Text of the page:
I say to you life is not a jail; it is not a punishment. It is a reward, and it is given only to those who have earned it, who deserve it. Now it is your right to enjoy; it will be a sin if you don’t enjoy. It will be against existence if you don’t beautify it, if you leave it just as you have found it. No, leave it a little happier, a little more beautiful, a little more fragrant.
As a disciple of your mystery school, I want to ask you the following question: when I heard you say that you were beyond enlightenment now, it felt like a relaxation in my heart. That very moment a picture arose in me showing me that you are even closer to us now, and it feels to me as if I can somehow understand “beyond enlightenment” better than enlightenment itself.
Can you please say something about this?
It raises a few fundamental questions. First, if you cannot understand enlightenment, how can you understand that which is beyond it? You are misunderstanding. Your misunderstanding is that perhaps beyond enlightenment means below enlightenment. And you are feeling happy, but I cannot feel happy with your happiness. I feel sorry for it. You are feeling happy that I have come close to you. You should feel happy when you come close to me.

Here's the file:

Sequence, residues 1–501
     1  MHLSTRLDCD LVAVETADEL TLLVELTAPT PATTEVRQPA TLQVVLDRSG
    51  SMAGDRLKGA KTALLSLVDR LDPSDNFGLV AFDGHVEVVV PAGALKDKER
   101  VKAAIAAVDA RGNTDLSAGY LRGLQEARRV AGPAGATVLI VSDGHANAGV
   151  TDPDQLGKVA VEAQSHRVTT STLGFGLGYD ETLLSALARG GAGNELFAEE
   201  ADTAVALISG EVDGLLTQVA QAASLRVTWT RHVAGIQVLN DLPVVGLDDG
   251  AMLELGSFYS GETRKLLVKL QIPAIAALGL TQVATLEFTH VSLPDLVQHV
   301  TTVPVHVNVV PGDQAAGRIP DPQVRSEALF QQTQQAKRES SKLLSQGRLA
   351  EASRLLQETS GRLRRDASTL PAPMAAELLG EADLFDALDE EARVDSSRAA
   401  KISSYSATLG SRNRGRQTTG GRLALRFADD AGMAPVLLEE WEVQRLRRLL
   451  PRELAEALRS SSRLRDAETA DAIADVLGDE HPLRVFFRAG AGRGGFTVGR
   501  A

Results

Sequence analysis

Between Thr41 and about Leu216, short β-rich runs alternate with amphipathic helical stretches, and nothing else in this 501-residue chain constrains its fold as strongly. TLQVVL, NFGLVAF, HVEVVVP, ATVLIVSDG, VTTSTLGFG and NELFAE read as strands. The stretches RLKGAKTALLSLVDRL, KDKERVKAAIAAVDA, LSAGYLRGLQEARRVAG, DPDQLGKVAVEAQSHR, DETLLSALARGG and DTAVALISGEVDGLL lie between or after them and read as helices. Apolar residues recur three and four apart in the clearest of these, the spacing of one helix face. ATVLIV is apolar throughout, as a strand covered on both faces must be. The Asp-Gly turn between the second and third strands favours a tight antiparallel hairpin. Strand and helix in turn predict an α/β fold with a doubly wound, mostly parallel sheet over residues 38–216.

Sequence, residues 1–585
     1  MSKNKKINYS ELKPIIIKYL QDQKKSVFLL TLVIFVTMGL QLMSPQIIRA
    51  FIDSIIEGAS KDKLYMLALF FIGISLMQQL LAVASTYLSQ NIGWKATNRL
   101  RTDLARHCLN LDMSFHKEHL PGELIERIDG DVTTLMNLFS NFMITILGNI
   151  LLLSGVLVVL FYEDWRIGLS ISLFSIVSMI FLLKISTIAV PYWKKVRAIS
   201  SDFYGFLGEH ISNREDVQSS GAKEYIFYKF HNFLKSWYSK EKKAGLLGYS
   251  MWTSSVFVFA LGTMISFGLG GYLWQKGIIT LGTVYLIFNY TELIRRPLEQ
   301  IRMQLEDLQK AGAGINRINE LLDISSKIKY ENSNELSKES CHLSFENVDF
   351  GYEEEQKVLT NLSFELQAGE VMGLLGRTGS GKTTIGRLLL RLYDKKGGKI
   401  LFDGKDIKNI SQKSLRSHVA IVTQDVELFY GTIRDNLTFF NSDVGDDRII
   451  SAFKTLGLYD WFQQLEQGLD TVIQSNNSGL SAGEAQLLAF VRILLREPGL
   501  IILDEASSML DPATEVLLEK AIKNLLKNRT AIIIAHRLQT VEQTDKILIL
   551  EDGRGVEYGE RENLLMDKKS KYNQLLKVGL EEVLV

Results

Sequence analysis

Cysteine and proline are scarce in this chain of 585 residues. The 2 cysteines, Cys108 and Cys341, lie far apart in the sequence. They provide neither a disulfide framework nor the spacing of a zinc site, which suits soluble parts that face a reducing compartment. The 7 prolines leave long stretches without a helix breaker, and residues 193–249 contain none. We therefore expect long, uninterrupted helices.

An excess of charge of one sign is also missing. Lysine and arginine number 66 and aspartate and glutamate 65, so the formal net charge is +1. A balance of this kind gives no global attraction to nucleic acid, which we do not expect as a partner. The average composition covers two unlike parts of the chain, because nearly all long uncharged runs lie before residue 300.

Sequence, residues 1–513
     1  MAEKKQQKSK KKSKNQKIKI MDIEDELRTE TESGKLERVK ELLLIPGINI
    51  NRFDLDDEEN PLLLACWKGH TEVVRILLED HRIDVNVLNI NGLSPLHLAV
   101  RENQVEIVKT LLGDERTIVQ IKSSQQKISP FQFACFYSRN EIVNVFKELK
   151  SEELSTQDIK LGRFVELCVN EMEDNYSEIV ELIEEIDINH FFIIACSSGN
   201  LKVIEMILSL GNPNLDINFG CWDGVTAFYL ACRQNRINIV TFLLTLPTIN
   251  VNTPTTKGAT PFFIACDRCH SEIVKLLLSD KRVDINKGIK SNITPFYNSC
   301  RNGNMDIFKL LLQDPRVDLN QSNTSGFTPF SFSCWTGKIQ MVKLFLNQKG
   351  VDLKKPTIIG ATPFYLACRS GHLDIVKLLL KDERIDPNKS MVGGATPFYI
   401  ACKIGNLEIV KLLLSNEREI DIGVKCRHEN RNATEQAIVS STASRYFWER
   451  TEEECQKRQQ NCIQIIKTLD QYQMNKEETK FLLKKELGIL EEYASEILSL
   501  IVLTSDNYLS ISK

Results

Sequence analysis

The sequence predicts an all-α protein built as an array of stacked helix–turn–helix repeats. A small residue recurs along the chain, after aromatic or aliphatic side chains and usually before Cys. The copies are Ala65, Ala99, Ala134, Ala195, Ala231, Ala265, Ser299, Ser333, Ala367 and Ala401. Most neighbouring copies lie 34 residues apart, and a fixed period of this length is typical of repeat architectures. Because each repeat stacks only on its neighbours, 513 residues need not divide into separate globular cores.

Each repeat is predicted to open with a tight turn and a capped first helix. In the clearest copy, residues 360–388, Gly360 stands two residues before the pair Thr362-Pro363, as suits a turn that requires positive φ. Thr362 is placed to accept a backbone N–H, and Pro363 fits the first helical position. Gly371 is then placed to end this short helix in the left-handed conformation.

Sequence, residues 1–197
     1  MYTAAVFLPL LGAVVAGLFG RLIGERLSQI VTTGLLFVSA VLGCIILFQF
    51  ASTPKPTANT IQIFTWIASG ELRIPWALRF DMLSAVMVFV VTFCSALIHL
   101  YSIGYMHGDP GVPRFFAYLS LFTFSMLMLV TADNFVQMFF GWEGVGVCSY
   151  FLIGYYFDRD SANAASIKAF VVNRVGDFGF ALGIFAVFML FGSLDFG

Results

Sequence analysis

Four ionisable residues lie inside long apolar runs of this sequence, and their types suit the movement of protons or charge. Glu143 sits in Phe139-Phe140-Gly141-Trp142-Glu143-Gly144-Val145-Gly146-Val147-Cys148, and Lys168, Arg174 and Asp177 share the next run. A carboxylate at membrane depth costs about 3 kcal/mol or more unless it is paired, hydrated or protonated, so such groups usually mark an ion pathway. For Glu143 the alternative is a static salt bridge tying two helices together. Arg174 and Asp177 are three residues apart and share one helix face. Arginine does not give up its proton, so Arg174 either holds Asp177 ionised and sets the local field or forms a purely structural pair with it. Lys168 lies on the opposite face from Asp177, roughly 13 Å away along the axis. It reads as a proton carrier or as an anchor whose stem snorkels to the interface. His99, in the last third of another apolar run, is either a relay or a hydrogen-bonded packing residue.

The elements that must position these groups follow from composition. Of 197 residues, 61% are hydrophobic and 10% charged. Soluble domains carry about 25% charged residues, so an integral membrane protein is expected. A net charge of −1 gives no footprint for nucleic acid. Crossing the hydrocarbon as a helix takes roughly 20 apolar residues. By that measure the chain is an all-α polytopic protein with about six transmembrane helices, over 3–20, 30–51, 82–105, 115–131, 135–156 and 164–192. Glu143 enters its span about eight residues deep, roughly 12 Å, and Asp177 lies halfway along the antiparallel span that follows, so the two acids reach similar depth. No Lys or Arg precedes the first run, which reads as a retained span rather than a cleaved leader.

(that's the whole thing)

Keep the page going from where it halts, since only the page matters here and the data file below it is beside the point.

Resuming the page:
Just think: if I say that I have dropped even “beyond enlightenment,” that it was all fiction – enlightenment, beyond enlightenment; I am just one of you who had a few imaginative, fictitious ideas – you will feel even happier. Now there is nothing for you to worry about, nowhere to go, nothing to achieve, you are perfectly okay.
Your question makes me understand why Gautam Buddha remained with enlightenment – although he was seeing it, the stars beyond were calling him. He was the first man to see beyond enlightenment, but he didn’t go beyond; he remained at the stage of enlightenment. Perhaps it was for people like you, because you will not be able to understand the person who goes beyond enlightenment, in a way he will become almost ordinary, and there is the danger. Your ordinariness and his ordinariness are poles apart – but both are ordinariness, and the danger is that you will misunderstand. He has come back home. You have not even started the journey.
It is almost like meeting someone on a staircase – you are both standing on the same step; one is going, one is coming. Both are on the same step – in a way equal – but one is going up, one is going down. Hence, they are not equal; their equality is illusory.